University of Cambridge > > Departmental Seminar Programme, Department of Veterinary Medicine > The role of veterinary medicine in the control and elimination of neglected tropical diseases

The role of veterinary medicine in the control and elimination of neglected tropical diseases

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Much of the morbidity and mortality resulting from Neglected Tropical Diseases (NTDs) has a major zoonotic component. Zoonotic diseases (zoonoses) are those diseases arising from infections transmitted between vertebrate animals and people. The name “neglected zoonotic diseases or NZDs” for this group of NTDs emphasizes a new approach to dealing with them. This terminology acknowledges that these diseases are not well addressed and recognizes that three key requirements should be met for successful prevention and control of NZDs: (i) that consideration be given to both the needs of communities and their livestock and to pets affected by NZDs; (ii) that integrated approaches be available to cure, prevent and control disease at the human–animal interface; and (iii) that evidence-based advocacy be used to levy resources and commitment for control from the national and international community; The animals may be domesticated (livestock or companion) or wild. NTDs with a zoonotic component – including brucellosis cysticercosis, echinococcosis, foodborne trematodiasis, human African trypanosomiasis, leishmaniasis and rabies as priority neglected zoonoses – are associated with people living in close proximity to animals. However NZDs as a heterogeneous group of diseases are best defined by the people and communities they mostly affect. As such, the list of these NTDs is open-ended and depends on the location; it may comprise endemic as well as epidemic-prone diseases such as leptospirosis, anthrax and Rift Valley fever. All these zoonotic diseases are also factors in the persistence of poverty in places where income and productivity depend on animal health. Control of these diseases requires interventions that do not threaten the economic security of populations whose livelihoods are dependent on animals. There is a crucial role for veterinarians in this public-health arena.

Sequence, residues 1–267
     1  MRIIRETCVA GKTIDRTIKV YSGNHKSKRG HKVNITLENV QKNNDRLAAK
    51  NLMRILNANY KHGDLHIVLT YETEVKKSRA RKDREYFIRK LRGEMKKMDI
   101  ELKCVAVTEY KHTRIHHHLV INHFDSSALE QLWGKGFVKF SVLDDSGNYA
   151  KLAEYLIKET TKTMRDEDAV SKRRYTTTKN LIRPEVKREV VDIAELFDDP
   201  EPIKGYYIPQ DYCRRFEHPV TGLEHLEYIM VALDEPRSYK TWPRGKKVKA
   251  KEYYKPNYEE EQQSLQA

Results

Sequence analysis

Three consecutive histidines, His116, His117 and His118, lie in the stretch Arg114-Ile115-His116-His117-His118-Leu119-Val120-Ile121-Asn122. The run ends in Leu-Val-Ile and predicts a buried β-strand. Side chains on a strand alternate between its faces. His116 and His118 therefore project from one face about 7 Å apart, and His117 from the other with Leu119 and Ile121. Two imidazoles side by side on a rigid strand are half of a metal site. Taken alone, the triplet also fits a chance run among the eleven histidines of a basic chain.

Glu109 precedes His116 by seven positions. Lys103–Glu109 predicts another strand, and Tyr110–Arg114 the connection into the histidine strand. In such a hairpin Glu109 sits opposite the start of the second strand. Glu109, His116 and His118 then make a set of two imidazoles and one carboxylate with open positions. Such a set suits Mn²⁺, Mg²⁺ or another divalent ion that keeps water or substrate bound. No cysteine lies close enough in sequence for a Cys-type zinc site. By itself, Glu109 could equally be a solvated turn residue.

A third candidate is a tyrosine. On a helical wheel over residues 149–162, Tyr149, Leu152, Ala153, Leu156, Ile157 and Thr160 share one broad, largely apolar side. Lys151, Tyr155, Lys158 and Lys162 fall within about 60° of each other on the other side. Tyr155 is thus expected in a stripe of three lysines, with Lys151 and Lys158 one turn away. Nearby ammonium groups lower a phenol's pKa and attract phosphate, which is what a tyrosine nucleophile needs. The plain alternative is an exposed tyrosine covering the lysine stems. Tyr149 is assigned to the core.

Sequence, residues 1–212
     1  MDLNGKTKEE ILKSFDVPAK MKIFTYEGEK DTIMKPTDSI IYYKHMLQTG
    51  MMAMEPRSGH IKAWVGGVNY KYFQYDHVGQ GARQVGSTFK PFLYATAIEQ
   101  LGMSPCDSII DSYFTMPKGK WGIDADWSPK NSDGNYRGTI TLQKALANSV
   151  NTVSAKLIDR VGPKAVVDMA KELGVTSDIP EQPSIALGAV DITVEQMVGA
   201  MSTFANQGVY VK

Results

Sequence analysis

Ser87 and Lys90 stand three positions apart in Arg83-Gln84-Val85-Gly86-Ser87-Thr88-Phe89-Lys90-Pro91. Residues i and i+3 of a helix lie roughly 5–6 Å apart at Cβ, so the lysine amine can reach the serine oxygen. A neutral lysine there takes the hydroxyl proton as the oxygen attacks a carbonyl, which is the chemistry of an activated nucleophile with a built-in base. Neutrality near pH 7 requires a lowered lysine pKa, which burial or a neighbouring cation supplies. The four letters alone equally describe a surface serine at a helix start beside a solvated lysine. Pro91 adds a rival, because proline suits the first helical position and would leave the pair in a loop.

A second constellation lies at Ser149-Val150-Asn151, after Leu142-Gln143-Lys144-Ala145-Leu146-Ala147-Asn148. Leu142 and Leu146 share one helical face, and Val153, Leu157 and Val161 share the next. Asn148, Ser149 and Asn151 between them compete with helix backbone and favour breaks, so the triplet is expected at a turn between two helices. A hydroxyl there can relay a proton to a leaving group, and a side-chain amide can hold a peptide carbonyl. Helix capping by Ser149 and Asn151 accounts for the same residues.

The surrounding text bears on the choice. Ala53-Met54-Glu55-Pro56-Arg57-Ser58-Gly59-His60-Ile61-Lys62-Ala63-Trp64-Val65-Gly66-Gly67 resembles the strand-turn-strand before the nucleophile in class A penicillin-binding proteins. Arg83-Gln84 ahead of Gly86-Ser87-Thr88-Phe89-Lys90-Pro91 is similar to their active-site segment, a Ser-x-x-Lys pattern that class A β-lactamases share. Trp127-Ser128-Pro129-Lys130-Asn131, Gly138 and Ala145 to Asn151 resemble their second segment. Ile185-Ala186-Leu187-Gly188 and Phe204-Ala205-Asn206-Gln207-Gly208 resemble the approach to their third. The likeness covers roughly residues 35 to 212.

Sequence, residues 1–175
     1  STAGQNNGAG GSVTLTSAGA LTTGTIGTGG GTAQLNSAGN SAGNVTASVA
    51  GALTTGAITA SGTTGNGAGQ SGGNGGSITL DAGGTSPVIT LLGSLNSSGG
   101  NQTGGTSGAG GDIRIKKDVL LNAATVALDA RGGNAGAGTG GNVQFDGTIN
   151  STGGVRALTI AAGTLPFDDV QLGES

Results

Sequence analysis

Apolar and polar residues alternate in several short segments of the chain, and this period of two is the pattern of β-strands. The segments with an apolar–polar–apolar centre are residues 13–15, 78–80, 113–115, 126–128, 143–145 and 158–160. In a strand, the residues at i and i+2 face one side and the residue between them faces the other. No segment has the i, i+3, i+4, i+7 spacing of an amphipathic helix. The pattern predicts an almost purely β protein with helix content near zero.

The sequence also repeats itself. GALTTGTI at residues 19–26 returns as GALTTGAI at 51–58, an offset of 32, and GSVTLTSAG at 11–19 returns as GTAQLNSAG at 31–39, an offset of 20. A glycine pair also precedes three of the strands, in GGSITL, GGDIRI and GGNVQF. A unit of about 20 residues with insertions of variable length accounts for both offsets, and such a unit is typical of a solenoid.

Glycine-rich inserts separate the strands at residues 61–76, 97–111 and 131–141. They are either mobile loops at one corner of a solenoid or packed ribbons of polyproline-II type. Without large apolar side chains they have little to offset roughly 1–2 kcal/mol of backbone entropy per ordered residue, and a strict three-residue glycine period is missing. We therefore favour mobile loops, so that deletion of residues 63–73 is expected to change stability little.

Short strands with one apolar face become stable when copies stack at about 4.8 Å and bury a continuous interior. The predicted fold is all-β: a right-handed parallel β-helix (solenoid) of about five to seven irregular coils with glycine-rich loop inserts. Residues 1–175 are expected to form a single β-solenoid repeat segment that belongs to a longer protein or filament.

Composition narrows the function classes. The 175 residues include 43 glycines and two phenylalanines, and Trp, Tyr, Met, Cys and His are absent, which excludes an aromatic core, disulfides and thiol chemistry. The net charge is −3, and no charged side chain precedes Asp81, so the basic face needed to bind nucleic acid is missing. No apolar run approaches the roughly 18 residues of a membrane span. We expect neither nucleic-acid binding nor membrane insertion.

This talk is part of the Departmental Seminar Programme, Department of Veterinary Medicine series.

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